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PAN was first synthesized in 1930 by Dr. Hans Fikentscher and Dr. Claus Heuck in laboratories in Ludwigshafen of the German company IG Farben which applied for a patent for its polymerization method entitled "VerfahrenzurHerstellung von Polymerisationsprodukten".
However, since PAN was insoluble in most common solvents, the substance was found to be unusable.

It was only when chemist Dr. Herbert Rein (1899-1955) of IG Farben of Bitterfeld discovered in 1931 that PAN, obtained from a sample when visiting the Ludwigshafen plant, could be dissolved in the ionic liquid 1-benzylpyridinium (1- Benzylpyridinium chloride) and transformed into fibers.

In 1942 this researcher discovered that an even better solvent for PAN was dimethylformamide (DMF), which allowed the development of the spinning process for the production of fibers and films.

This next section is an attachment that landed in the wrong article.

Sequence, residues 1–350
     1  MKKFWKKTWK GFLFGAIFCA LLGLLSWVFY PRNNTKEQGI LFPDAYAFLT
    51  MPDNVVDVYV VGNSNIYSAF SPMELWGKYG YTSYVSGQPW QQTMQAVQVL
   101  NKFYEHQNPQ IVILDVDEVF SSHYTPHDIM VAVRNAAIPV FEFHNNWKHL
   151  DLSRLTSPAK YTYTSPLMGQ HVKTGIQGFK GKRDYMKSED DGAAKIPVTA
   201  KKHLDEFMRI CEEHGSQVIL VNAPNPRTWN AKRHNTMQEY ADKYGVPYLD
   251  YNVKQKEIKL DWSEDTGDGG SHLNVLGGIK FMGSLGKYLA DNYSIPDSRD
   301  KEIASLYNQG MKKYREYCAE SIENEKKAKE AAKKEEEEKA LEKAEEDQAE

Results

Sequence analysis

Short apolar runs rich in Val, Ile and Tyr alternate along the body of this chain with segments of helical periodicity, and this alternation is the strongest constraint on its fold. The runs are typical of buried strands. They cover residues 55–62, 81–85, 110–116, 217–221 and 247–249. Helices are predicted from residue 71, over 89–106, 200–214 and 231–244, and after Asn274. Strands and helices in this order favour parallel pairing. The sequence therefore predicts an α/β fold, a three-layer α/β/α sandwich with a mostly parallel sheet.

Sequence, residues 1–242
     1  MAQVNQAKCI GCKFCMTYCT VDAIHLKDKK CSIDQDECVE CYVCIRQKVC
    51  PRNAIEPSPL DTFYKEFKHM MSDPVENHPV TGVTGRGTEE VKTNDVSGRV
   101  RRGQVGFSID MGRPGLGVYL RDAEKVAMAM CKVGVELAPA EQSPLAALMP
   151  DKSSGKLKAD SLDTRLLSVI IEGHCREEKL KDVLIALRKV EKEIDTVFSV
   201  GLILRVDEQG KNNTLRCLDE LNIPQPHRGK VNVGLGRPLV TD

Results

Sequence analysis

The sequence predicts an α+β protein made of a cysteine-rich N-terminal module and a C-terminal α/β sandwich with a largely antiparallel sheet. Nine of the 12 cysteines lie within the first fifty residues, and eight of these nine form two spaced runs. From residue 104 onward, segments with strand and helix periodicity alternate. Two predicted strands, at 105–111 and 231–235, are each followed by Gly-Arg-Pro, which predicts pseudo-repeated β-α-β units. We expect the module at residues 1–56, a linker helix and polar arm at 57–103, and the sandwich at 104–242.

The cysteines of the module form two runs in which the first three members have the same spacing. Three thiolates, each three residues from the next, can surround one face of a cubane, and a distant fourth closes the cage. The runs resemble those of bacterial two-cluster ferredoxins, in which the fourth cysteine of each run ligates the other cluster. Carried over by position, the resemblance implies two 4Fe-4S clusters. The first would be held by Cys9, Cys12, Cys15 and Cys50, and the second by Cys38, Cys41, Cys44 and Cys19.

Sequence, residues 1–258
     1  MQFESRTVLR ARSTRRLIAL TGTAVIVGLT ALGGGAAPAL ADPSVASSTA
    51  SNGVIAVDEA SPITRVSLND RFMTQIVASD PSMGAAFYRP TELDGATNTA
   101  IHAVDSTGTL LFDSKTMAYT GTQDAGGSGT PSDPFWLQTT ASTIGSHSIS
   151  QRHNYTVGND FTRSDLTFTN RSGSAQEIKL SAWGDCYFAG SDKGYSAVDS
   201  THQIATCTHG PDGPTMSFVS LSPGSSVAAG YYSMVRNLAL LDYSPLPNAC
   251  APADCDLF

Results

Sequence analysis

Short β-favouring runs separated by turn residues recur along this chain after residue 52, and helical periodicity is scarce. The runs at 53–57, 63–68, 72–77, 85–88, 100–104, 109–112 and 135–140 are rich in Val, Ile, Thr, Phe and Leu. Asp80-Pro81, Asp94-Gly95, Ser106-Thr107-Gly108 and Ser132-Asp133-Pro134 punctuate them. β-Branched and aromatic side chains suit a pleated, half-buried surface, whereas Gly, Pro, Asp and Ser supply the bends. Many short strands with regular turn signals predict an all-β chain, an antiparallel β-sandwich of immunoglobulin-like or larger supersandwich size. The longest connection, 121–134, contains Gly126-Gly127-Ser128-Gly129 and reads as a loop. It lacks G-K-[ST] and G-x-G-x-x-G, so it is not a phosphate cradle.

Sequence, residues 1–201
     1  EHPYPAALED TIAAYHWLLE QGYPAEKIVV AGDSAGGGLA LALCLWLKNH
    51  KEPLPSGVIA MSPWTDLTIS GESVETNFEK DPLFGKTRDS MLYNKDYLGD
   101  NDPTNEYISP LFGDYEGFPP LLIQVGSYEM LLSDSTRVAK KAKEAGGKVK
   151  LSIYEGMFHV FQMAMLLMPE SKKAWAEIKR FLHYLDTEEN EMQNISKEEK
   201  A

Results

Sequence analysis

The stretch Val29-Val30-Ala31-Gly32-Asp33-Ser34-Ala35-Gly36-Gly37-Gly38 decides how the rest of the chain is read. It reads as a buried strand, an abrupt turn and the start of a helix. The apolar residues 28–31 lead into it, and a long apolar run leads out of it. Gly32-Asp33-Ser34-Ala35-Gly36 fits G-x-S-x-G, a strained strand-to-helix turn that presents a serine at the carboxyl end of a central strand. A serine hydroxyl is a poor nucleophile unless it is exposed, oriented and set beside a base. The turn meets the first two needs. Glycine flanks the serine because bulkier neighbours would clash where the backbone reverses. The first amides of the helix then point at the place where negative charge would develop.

Due to the attack of the IG Farben facilities during World War II by the Allied forces and the decline of their production, the investigations were interrupted and the process was not brought to an industrial scale.

The start of large-scale PAN production was made by Du Pont in 1946 for the production of the "Orlon" fibers, which patented the process known as wet spinning.

Shortly thereafter, the Dormagen Bayer company, which originated from the fragmentation of the IG Farben trust, patented another PAN spinning process known as dry spinning and the production of "Dralon" fibers began.

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